Thursday, 31 July 2014

Eminem - The Marshall Mathers LP 2 (2013)

I've lost track of how many times he's retired, having delivered his final rude word in album form as he looks forward to a solitary life of quiet contemplation and producing albums for Bobby Creekwater and Ca$his, whoever they were, but here we are again. Possibly it's only been the once, but somehow it feels like more.

Relapse, the first - or possibly second - comeback album, turned out to be one of the best things he'd ever recorded, against at least my own expectations, but this one, I just don't know...

I've listened to the album a fair few times but still come back to it without recalling much detail or experiencing any degree of anticipation, and am left on each occasion with a vague impression of eighty minutes of autotuned stadium rap wherein Eminem bangs on about the bitter struggle of being famous, as usual. On close inspection, this impression is actually wrong given that Rick Rubin has produced a few of the tracks here, for what that's worth; and what that's worth probably depends on how hard you're likely to come in your pants at the prospect of Rick Rubin tracks full of rock loops just like what he done for Run DMC back in the good old days when everything was better than it is now. Additionally, Eminem's own production now demonstrates much wider scope than it once did, having long since moved on from those plinky-plonky hip-hop Addams Family themes he kept turning out with all the gated snare and that.

Of course lyrically he continues to amaze, packing each line with the usual layers of echoing themes, puns, uproarious triple metaphors and all that other stuff which so endeared him to middle-class blokes with little round glasses who'd named their kids Jacob and Tamara following a Grauniad article in which some complete cock declared Eminem to be both the new Chaucer and the saviour of white rap. White people had been too embarrassed to rap after Vanilla Ice turned out to be a Republican senator, apparently, so Eminem was literally the first white man ever to rap properly like that Chuck D. The man said.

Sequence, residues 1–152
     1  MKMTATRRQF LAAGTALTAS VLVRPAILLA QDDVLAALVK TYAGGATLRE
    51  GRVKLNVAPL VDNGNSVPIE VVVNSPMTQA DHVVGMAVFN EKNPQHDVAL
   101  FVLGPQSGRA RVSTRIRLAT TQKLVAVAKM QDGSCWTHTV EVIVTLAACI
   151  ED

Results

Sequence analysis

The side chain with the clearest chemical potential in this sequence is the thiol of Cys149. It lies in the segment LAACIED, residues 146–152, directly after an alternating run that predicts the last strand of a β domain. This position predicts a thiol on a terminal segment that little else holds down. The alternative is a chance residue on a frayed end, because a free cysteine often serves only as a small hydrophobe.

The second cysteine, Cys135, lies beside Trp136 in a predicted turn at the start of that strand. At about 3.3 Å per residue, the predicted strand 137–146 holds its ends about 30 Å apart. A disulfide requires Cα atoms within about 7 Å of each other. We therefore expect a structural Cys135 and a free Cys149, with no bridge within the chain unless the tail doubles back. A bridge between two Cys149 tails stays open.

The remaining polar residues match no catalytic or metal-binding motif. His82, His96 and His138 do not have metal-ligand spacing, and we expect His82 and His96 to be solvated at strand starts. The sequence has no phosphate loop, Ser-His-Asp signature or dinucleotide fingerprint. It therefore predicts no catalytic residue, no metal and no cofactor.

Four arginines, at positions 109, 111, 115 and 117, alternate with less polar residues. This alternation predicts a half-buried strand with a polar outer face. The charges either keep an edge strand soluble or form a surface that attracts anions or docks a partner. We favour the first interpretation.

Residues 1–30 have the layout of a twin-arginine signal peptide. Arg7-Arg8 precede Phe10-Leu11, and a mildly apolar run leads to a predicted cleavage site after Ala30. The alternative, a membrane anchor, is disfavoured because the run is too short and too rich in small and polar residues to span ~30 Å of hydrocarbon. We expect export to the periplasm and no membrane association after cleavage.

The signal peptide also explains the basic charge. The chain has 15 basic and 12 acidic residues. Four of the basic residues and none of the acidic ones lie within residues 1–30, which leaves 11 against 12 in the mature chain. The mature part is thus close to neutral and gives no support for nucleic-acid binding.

The problem is that by this point, I actually find it difficult to tell who the fuck he's whining about now. He was always one of the more self-referential rappers, a sort of microphone analogue to comic book twats like Joe Matt drawing comics about their porn addiction, followed by comics about the girlfriend reacting to his comic about porn addiction; but once you move away from mainstream media and lose track of whether Eminem is shagging Mariah Carey or back with wossername, there isn't much of this that makes a lot of sense without meticulously decoding all the metaphors and layered rhymes. At one point he even returns to his preferred easy targets of the old days, the Insane Clown Posse, but I can't tell if he still hates them, or if they turned up at his house with a fucking pie and they're all best buds now. There's too much information here, and whilst it's all lyrically dazzling, the content is obscure, at least aside from the track wherein he apologises to his mum for recording all those horrible songs about her, which if nice in many respects, also makes you wish he'd just been less of a knob in the first place.

The Marshall Mathers LP 2 may be far from his best, although he's yet to record a really bad album; and for all it's faults, at least this one tries, I suppose.

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